I think there’s nothing that feels more rad than picking your way up a ridgeline, trailing a rope, pulling your hood over your helmet and having the wind whip your backpack straps in your face while you’re watching clouds form to the west and you know you have to climb fast and efficient or risk getting nailed by a storm. But I know this is totally incorrect—based on an informal survey of climbing images and videos over the past five years, the truth is there is nothing more rad than leading a hard sport route while climbing shirtless. Possibly even taking your shirt off mid-route, which no one does on the fourth pitch of a 5.7 alpine route while wearing a pack and a helmet.
I don’t know if I’m just imagining this, but it seems like mountain climbing isn’t that cool anymore. (Perhaps I think this because I am not cool, and I like mountain climbing, and I’m just projecting.) Stand up paddling, yoga, sport climbing, road cycling, triathlons, Crossfit, surfing—that’s the stuff we pay attention to; not so much the folks hanging their figurative balls out there in the big hills, roping up and trying to climb lines on dangerous peaks (and they’re all dangerous).
I feel like 10 or 12 years ago, my favorite thing about Outside was Mark Jenkins’ column, The Hard Way, which most of the time dealt with climbing- and mountaineering-related stuff, because that’s what Jenkins did/does. Fifteen years ago, Into Thin Air was the hottest outdoor/adventure book in the country, dealing with the 1996 Mount Everest disaster. In 2000, we watched Chris O’Donnell try to rescue his sister on K2 in Vertical Limit (which wasn’t a good or accurate movie, but it was a mass-market movie about mountain climbing). But now, it seems like the people on the covers of men’s magazines are all cyclists and surfers—assumingly because that’s what we’re into, cycling and surfing.
A friend of mine said a few weeks ago that he was a little down on climbing lately, because he didn’t feel like he was ever going to crush it. I said, What’s your definition of “crushing it”? Because mine is leading 5.8 with a pack on in the mountains. I like climbing single-pitch routes as much as the next person, but what really gets me hot is getting out on a climb five or six miles from a trailhead and getting in a position where I really can’t fall. I have pulled 5.7 moves in the mountains that made me stop and take a few breaths beforehand, because I rewinded in my head what would happen if I broke a handhold or slipped out of a crack and fell 15 feet onto a ledge and broke an ankle there, 300 feet off the ground and 5 miles and 3,300 vertical feet of trail away from the car. And I think that’s the good stuff. But does anyone else?
Here’s an e-mail conversation I had with the editor of a climbing publication last year, chatting about the photos accompanying a story I wrote:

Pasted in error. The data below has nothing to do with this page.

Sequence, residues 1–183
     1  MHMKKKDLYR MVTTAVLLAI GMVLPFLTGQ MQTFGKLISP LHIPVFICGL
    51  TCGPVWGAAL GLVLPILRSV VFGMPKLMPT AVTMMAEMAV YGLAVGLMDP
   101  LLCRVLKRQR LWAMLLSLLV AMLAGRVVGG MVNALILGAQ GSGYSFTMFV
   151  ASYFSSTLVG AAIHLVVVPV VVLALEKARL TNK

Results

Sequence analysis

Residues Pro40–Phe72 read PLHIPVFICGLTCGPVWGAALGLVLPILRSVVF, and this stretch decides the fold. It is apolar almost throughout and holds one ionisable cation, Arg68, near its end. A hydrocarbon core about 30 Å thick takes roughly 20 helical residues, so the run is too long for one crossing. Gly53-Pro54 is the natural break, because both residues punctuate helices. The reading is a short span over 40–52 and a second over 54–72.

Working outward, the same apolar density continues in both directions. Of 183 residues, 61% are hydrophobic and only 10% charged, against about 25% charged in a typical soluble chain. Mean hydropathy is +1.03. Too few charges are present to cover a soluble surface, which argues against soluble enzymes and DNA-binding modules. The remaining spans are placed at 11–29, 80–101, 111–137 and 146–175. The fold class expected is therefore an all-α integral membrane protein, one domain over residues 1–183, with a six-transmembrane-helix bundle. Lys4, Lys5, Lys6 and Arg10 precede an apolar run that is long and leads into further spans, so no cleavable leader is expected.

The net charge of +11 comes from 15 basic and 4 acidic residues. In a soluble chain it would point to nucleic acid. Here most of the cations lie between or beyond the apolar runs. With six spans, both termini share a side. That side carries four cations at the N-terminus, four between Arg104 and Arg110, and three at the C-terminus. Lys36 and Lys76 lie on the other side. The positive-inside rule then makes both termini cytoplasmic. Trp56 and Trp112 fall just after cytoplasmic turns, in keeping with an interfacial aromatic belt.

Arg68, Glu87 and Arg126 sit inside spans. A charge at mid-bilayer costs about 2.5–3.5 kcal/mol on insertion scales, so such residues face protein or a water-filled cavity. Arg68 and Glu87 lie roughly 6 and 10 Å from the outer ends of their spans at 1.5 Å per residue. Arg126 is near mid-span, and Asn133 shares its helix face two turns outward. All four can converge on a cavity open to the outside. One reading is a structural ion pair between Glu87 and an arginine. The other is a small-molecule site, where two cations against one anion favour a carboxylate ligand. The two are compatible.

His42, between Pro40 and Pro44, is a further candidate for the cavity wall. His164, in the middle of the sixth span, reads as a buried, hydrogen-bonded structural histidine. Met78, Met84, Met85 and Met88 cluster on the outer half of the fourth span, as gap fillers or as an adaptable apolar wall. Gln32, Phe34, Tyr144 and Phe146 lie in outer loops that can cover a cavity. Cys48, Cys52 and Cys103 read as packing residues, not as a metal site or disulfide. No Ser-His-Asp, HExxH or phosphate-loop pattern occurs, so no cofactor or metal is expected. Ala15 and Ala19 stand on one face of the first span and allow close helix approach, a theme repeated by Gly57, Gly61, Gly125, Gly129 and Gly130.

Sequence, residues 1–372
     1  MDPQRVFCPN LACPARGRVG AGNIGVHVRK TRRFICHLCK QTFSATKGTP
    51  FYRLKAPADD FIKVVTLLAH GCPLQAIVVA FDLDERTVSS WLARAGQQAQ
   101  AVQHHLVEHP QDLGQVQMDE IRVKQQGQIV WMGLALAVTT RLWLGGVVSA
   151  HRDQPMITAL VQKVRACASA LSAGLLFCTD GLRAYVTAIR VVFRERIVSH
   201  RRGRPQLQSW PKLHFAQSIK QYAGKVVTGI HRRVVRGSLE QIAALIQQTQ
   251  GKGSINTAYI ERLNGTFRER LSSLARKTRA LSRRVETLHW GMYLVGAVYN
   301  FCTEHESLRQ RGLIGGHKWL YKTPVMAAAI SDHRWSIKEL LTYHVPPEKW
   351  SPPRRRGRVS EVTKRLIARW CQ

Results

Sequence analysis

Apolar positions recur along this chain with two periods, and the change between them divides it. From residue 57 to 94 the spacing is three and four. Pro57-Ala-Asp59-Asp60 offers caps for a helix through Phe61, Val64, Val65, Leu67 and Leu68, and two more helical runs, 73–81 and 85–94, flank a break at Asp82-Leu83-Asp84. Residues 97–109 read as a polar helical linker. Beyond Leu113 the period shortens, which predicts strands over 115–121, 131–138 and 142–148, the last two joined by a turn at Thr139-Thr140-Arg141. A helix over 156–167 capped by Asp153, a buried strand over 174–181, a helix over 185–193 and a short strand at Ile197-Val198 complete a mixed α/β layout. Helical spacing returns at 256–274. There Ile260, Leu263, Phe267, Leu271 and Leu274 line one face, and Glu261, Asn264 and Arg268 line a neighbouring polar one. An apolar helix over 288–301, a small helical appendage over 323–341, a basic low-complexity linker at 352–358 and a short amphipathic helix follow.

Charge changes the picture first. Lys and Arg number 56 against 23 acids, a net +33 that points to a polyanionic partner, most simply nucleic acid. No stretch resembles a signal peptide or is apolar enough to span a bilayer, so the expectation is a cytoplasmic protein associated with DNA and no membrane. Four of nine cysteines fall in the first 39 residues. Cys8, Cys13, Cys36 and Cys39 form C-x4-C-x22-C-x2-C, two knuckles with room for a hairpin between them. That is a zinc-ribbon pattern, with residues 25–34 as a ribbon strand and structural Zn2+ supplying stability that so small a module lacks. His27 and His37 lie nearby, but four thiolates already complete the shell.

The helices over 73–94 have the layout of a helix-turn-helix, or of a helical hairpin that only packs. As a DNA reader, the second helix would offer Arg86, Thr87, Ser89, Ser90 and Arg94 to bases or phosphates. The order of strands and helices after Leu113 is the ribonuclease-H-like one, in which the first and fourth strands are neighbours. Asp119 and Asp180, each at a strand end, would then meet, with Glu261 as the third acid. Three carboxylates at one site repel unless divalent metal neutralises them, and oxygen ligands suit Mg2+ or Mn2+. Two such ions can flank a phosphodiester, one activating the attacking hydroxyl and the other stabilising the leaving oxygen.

Editor: Were you bothered by the lack of climbing photos in the piece? We had a really hard time tracking down any good action photos.
Me: I think the kind of person who will like that article is someone who’s more motivated by photos of mountains and ridgelines, not as much by seeing photos of other people pulling hard moves. Like I don’t want to climb the Petit because Chris Sharma looks good doing it with his shirt off; I want to climb the Petit because it’s so pretty.
Sometimes people point out that climbing magazines hardly ever print photos of helmeted climbers (this includes the ads, which aren’t an editorial decision). Helmets are mandatory for mountaineering and alpine climbing, and we think helmets aren’t sexy, whether they’re for cycling, riding motorcycles, or climbing. And helmet designs have come a long way in the last 10 years, and are not the ice-cream buckets of the past—they actually don’t look too bad. But they’re helmets. And as streamlined as you can make a helmet, it’s still not likely that anyone will ever say, “Honey, can you leave your helmet on while we … make out?”
How many photos in the 2012 Women of Climbing calendar show women with helmets, or gaiters, crampons, or ice axes? Zero. Actually, there’s only one photo of someone wearing sleeves (I checked). And that’s probably our foremost example/attempt at sexiness in climbing.
One friend told me he thinks in 10 years, 90 percent of the climbing population might never climb outdoors. Which I think is just a goddamn tragedy. I mean, people climb for all kinds of different reasons, and they’re obviously not the same as mine, but damn, I just want to shake people and remind them that the mountains are amazing, and if you know what you’re doing with a rope and a rack (and maybe an ice axe), you can find yourself in plenty of wall calendar-worthy places. And if you understand how to clip bolts in a gym, that stuff is within reach (obviously with lots more learning about how to place gear and not kill yourself out there).
But who’s going to be out there in 10 years? Because it seems like it’s just a handful of people, predominantly men, doing something that’s increasingly less relevant, year by year. But that doesn’t mean I love it any less.
[Photo of Southern gentleman Brian Williams bringing sexy back on the summit of Wyoming's Gannett Peak by Jodie Banks]
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